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    Suzuki DR650 is worth considering. Best is if you can rent one in AK, allowing you to ride your street bikes up there to it. I know of KLRs that are rented for the haul road, but not sure about DRs.
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  12. froger

    froger Been here awhile

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    As an old FF with bad legs, the KLR was far too tall for my 5' 8" ass.

    Started with those lowering arms. Helped, but still tall. So I went to a two inch shorter shock instead. With the suspension linkage, it was near three inch's lower. Better, but still not enough. So I put the lowering arms on the shorter shock, and now the thing is three and a half inch's lower than stock. Had to replace the pipe. The swingarm is so close to the pipe now that the guppy belly on the stock exhaust would of hit. I can scrape the crashbars on slow corners, but overall it works good considering how far I changed it. It's probably still a little tall for you, I only throw it out to show you might be able to lower something else that's just a bit too tall.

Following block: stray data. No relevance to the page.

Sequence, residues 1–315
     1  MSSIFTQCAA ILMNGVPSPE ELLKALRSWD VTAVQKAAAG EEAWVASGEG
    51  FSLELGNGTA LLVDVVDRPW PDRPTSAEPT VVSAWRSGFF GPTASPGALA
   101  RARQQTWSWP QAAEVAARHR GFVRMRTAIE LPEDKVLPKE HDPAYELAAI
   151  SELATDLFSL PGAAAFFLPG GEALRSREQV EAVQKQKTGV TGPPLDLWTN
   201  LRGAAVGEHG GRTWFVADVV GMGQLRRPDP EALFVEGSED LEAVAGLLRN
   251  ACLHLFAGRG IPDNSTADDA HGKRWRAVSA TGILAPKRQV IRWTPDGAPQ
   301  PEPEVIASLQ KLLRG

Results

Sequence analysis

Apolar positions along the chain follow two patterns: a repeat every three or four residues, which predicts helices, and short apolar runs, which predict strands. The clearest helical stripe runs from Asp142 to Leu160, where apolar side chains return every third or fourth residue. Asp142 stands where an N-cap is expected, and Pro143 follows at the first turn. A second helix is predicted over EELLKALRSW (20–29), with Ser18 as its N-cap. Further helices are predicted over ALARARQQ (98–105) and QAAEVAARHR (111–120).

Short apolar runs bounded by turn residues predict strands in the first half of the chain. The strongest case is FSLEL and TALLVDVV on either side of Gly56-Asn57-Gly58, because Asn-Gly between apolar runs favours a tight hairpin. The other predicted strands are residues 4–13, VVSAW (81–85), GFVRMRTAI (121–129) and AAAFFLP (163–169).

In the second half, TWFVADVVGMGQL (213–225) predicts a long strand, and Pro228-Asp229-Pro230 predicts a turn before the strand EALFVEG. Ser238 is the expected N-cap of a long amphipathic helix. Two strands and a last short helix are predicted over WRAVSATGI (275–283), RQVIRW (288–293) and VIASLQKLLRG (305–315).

Pretty strange, I'll grant you, but I liked the milkcrate. Without lowering it as far as I could I'd a had to give up.
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  13. lonerockz

    lonerockz Permanent n00b

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    Just rode to Deadhorse this summer for the first time and so now I'm an expert. :loco

    My big takeaway is that Deadhorse in good weather can be ridden on a Gold Wing. Deadhorse in bad weather will be a challenge on any bike.

    I had amazing weather and was passed on the road by an Uraguyan on a Yamaha FZ150 with street tires.

    My recommendation is to rent a bike from one of the shops up there (I rented a Honda Africa Twin from MotoQuest) and ride what you love to AK (Boeing 737 in my case). Considering what you will pay to buy a bike that is optimal for the last 300 miles, and will not enjoy as much for the first 3000 renting is a really good option.

    I'm 5'8" with a 28" inseam I was told I had the standard seat in the low position on the AT and it was tiptoe on both feet with my boots that add an inch or so of lift. So an AT with the low seat in the low position might do the trick. Loved that bike, with the exception of the chain. Motoquest will rent the low seat version.